Firsthand Accounts of Torture of Iraqi Detainees by the U.S. Army’s 82nd Airborne Division September 23, 2005 8:53 PMSubscribe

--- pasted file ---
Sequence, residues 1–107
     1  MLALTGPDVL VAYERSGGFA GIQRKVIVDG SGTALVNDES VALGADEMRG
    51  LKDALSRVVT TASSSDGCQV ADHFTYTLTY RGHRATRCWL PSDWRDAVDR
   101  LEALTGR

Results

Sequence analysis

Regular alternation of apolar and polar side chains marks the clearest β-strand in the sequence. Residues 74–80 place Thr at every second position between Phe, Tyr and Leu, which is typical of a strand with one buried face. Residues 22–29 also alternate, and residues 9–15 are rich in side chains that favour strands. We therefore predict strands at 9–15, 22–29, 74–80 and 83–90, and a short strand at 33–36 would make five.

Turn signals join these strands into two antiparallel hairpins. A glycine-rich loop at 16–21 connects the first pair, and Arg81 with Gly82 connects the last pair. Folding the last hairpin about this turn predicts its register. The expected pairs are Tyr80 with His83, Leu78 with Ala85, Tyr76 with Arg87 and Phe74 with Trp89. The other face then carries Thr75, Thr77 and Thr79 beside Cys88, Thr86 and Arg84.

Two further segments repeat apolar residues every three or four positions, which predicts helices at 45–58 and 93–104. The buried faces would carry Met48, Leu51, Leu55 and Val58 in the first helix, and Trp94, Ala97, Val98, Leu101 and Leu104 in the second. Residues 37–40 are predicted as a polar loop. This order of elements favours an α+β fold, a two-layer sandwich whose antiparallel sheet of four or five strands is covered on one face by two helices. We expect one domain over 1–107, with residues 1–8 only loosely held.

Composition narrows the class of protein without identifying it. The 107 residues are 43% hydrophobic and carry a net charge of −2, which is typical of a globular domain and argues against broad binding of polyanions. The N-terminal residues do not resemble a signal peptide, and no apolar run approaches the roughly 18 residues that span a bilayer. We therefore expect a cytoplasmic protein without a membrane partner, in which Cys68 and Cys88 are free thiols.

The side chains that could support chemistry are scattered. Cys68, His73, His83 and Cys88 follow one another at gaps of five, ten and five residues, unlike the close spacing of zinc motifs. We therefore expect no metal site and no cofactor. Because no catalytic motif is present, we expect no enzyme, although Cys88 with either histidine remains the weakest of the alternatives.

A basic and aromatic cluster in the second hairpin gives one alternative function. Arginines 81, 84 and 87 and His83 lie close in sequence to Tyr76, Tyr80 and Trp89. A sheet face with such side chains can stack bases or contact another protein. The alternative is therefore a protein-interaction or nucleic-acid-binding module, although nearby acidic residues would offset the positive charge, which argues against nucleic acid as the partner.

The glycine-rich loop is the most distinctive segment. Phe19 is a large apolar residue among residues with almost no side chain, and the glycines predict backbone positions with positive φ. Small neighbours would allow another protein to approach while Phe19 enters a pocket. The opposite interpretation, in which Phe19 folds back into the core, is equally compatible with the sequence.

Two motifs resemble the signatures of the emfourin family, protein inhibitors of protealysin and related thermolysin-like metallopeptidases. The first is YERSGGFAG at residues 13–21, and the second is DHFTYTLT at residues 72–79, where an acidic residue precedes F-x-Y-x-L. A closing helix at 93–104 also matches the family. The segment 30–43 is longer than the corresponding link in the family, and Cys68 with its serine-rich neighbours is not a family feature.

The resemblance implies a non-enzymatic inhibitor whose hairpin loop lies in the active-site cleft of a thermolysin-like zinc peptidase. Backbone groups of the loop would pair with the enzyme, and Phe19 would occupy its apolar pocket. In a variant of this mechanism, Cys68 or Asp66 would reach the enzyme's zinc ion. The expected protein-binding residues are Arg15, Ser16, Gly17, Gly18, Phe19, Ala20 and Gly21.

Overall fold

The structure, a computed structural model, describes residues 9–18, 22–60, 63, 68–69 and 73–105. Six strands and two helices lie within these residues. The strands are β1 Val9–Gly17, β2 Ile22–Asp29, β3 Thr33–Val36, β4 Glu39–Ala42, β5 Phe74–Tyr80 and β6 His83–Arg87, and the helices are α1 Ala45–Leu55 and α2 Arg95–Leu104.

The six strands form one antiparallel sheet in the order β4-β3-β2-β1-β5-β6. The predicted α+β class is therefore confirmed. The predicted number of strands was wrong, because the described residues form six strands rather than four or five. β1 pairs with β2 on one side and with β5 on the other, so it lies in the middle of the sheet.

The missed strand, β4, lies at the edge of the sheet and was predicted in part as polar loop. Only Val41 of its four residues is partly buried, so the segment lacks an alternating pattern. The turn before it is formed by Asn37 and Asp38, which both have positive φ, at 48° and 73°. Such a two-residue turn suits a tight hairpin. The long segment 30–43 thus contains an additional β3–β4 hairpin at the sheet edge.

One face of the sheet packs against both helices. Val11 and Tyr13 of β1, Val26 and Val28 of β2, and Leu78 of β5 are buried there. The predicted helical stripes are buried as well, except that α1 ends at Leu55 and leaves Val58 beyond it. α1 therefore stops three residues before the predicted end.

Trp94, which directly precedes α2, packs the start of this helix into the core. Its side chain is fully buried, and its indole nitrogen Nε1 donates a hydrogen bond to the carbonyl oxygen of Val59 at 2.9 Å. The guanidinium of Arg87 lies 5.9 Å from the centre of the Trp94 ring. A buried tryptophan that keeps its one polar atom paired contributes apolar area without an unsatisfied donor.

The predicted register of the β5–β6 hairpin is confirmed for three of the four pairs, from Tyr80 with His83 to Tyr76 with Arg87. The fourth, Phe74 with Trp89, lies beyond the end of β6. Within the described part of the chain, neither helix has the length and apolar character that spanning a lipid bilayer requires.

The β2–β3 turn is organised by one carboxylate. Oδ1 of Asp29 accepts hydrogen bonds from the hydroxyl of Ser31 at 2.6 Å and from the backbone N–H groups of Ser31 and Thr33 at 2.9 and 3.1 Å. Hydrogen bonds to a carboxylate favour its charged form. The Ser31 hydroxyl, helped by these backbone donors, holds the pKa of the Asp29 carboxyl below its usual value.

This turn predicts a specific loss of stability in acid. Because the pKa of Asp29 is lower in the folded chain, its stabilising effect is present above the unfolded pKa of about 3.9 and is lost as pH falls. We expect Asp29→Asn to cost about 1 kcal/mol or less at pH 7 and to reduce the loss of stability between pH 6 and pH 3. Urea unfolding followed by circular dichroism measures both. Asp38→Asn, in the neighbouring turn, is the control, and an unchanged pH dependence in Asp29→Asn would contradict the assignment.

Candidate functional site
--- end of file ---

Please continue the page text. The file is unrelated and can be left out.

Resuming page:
One officer and two non-commissioned officers (NCOs) of the 82nd Airborne who witnessed abuse, speaking on condition of anonymity, described in multiple interviews with Human Rights Watch how their battalion in 2003-2004 routinely used physical and mental torture as a means of intelligence gathering and for stress relief. One soldier raised his concerns within the army chain of command for 17 months before the Army agreed to undertake an investigation, but only after he had contacted members of Congress and considered goingpublic with the story. According to their accounts, the torture and other mistreatment of Iraqis in detention was systematic and was known at varying levels of command. Military Intelligence personnel, they said, directed and encouraged army personnel to subject prisoners to forced, repetitive exercise, sometimes to the point of unconsciousness, sleep deprivation for days on end, and exposure to extremes of heat and cold as part of the interrogation process. At least one interrogator beat detainees in front of other soldiers. Soldiers also incorporated daily beatings of detainees in preparation for interrogations. Civilians believed to be from the Central Intelligence Agency (CIA) conducted interrogations out of sight, but not earshot, of soldiers, who heard what they believed were abusive interrogations.